Transforming the vertical (click image to see full size)

This made the base of the model 20 times larger too. I used the Plane Cut tool in Meshmixer to trim down the base.

Trim the base with Plane Cut tool (click image to see full size)
Trim the base with the Plane Cut tool (click image to see full size)

That’s it! I exported the file and sent it off to the printer. You can download your own copy.

3D Model of Appleton WI
3D Model of Appleton WI

Watching Out for Ads in School

Ask your students how much they paid to watch the Super Bowl on TV and you’ll probably get a whole lot of blank stares.

The Super Bowl provides us hours of sports entertainment and even has a short concert in the middle. All of this is free to anyone with a television and an antenna.

Of course, some of the adults watching understand that it’s not completely free. High stakes commercials are rolled out during the big game with the hopes that we keep brand names like Kia, Budweiser, Pepsi, Skittles, and Snickers in our minds for the rest of the year. Our entertainment world is fused with branding with the intent to make us all life-long customers.

Sometimes the branding in our entertainment gets out of hand. Some viewers cringe when product placement is jammed into their favorite story line. Others identify with their favorite character’s taste in products and begin to notice those brands in the real world. Mission accomplished for the advertisers.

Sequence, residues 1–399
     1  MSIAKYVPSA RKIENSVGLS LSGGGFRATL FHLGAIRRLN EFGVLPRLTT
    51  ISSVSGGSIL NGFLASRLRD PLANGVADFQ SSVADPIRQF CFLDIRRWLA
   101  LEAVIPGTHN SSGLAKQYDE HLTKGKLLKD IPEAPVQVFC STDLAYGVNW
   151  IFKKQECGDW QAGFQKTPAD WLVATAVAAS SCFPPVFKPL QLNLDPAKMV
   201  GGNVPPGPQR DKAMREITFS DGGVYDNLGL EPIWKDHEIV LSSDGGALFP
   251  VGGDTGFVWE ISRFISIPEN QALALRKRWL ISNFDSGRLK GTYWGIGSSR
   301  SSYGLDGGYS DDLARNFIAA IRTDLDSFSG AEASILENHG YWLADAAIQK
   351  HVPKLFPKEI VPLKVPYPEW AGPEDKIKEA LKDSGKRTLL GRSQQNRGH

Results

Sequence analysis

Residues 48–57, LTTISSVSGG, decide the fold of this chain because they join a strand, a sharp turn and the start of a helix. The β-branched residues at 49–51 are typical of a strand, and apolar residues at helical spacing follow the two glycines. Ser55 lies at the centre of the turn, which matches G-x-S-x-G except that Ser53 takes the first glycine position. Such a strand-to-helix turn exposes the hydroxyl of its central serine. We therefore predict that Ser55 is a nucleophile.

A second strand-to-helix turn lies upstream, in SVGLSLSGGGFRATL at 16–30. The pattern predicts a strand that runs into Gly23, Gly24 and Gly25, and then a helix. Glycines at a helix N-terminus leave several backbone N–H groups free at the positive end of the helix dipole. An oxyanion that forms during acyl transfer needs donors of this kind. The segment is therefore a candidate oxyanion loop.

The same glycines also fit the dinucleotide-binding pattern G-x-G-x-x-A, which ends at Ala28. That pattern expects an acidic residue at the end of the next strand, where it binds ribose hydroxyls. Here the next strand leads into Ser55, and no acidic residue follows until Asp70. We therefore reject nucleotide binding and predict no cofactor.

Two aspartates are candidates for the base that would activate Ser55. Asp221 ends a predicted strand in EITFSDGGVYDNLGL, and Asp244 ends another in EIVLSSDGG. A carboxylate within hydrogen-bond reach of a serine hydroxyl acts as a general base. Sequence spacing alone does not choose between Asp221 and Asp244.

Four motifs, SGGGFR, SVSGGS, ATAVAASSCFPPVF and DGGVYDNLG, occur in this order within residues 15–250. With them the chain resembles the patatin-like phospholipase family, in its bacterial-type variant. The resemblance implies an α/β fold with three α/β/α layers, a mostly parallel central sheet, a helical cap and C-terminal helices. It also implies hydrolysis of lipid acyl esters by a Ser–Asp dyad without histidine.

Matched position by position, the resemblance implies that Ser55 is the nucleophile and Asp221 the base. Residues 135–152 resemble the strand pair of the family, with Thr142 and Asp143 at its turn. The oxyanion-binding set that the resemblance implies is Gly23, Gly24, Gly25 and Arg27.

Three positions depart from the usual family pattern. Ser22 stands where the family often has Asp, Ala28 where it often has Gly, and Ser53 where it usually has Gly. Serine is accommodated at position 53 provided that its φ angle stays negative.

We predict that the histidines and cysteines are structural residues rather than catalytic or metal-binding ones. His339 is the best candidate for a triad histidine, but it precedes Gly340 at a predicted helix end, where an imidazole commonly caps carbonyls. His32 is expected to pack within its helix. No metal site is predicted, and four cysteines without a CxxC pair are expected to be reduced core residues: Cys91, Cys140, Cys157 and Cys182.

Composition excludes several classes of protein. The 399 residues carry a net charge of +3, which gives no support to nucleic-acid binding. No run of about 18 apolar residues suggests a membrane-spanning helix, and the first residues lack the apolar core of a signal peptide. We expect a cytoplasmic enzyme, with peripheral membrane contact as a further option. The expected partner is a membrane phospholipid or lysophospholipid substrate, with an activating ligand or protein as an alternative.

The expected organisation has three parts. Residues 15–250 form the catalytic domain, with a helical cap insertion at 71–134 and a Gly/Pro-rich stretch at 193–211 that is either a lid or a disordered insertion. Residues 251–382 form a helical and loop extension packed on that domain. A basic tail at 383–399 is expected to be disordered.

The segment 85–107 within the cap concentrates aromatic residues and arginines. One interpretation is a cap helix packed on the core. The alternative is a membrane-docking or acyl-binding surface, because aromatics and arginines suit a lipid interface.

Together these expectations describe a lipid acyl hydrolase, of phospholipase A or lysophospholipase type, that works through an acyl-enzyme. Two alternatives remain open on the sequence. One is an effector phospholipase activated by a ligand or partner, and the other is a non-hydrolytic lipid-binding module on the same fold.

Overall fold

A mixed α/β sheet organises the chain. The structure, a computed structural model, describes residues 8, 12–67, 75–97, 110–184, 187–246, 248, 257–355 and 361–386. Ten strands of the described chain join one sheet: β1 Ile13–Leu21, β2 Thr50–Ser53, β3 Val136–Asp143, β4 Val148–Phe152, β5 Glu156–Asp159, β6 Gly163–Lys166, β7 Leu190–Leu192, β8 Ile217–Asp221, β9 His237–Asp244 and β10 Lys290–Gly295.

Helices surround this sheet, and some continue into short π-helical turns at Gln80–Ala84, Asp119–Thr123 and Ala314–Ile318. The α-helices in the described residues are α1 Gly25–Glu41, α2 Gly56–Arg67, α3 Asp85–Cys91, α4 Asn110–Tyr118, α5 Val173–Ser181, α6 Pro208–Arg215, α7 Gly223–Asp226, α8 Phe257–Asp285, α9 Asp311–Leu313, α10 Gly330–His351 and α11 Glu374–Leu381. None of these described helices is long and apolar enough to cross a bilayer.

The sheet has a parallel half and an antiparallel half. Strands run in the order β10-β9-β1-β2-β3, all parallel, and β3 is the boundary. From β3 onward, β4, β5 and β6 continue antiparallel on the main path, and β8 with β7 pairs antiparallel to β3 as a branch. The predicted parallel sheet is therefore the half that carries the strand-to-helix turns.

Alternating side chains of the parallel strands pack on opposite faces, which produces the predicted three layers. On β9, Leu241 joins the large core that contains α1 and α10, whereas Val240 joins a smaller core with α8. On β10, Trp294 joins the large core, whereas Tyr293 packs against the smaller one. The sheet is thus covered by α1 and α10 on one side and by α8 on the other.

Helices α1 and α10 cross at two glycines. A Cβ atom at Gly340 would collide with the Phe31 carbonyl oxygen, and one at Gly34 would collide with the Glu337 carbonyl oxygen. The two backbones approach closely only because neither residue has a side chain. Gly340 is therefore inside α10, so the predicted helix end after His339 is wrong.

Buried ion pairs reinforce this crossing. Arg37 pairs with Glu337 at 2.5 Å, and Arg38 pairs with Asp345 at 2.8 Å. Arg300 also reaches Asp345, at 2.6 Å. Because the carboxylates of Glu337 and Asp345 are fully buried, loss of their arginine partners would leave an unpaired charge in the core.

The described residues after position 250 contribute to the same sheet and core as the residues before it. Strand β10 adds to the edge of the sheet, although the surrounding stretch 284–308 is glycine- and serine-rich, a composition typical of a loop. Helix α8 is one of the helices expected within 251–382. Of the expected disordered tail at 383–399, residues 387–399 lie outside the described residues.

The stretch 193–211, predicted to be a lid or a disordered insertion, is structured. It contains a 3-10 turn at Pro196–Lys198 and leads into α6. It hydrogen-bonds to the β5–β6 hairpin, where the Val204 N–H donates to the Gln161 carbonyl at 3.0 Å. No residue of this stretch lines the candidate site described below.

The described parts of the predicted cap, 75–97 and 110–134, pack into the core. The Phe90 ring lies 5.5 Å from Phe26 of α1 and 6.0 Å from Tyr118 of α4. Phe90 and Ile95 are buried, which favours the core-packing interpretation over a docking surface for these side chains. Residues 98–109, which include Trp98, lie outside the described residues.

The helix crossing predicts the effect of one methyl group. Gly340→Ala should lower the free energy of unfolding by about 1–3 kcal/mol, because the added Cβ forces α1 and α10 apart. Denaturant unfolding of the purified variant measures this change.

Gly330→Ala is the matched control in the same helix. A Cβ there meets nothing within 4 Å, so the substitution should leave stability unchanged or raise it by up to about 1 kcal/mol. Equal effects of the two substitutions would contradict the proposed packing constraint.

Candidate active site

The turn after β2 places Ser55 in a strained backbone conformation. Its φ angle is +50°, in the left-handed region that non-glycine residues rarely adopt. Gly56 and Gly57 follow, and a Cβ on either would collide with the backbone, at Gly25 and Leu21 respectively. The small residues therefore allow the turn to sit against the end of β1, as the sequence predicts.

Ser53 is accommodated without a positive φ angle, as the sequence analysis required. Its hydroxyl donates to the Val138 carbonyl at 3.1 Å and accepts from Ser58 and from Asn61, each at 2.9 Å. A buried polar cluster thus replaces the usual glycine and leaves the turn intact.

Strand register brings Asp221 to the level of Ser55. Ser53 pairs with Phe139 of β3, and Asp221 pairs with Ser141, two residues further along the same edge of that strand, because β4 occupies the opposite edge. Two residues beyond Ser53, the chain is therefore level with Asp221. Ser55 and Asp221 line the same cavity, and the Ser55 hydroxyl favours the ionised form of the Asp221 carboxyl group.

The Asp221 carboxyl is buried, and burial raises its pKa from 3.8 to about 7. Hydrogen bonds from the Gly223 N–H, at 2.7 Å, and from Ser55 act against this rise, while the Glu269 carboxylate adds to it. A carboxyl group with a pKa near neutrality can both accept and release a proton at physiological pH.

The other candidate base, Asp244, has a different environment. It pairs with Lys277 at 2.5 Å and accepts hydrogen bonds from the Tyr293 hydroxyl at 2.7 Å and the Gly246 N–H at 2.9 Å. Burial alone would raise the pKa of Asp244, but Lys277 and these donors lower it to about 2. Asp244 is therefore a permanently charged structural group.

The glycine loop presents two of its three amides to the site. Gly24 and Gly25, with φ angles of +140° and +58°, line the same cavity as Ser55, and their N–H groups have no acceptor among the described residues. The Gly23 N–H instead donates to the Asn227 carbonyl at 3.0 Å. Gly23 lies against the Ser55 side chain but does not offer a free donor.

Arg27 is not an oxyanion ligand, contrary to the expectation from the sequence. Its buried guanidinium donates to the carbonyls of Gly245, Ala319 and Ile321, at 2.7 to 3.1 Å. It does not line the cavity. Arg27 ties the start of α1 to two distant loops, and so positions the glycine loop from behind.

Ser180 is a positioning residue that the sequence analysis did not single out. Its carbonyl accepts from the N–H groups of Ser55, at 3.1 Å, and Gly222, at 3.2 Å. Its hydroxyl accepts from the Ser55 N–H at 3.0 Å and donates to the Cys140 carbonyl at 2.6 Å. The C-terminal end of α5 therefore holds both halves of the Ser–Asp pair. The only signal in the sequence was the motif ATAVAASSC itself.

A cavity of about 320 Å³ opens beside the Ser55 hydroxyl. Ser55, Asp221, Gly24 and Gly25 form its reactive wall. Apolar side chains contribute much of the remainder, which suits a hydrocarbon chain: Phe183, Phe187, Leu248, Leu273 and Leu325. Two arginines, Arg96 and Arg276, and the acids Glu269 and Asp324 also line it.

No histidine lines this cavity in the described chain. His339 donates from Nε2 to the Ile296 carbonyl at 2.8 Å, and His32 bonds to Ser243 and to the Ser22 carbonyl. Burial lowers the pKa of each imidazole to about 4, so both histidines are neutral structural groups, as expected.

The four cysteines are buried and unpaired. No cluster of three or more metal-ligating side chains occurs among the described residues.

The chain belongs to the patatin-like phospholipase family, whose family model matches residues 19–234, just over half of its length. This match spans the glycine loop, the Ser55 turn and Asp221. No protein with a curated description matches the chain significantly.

TV shows like "The Walking Dead" want views to see the Hyundai brand
TV shows like “The Walking Dead” want viewers to see the Hyundai brand

TV news reporting is where things get even trickier. Journalism is supposed to inform us with unbiased facts about our world. However, we begin to question the integrity of the journalism when we sense that the reporting may have been influence by a brand.

The advertising that enters our homes can be a challenge for parents but we can turn off the TV. When advertising enters the classroom our options become murky.

Children spend a large amount of their childhood in school. Brands are unavoidable when they are promoted by teachers for the next school fundraiser or flashing in the margins of the latest digital tool that they have been assigned to use. Things get downright despicable when the lessons present students with a commercial to watch before they work through the next level of a so-called online learning game.

Advertising and learning battle for students' attention
Advertising and learning battle for students’ attention

To often, commercialism in the classroom comes down to one word: free.

Teachers, already strapped for time, take a glancing look at a free online service and push it out to students. They may even tell students to create an account with the service while overlooking the fact that the service isn’t free at all. The students are the product. The service is free because, through branding, it is helping advertisers convert our students into customers for life. The students’ information and page views are providing the funds that keeps the free service free.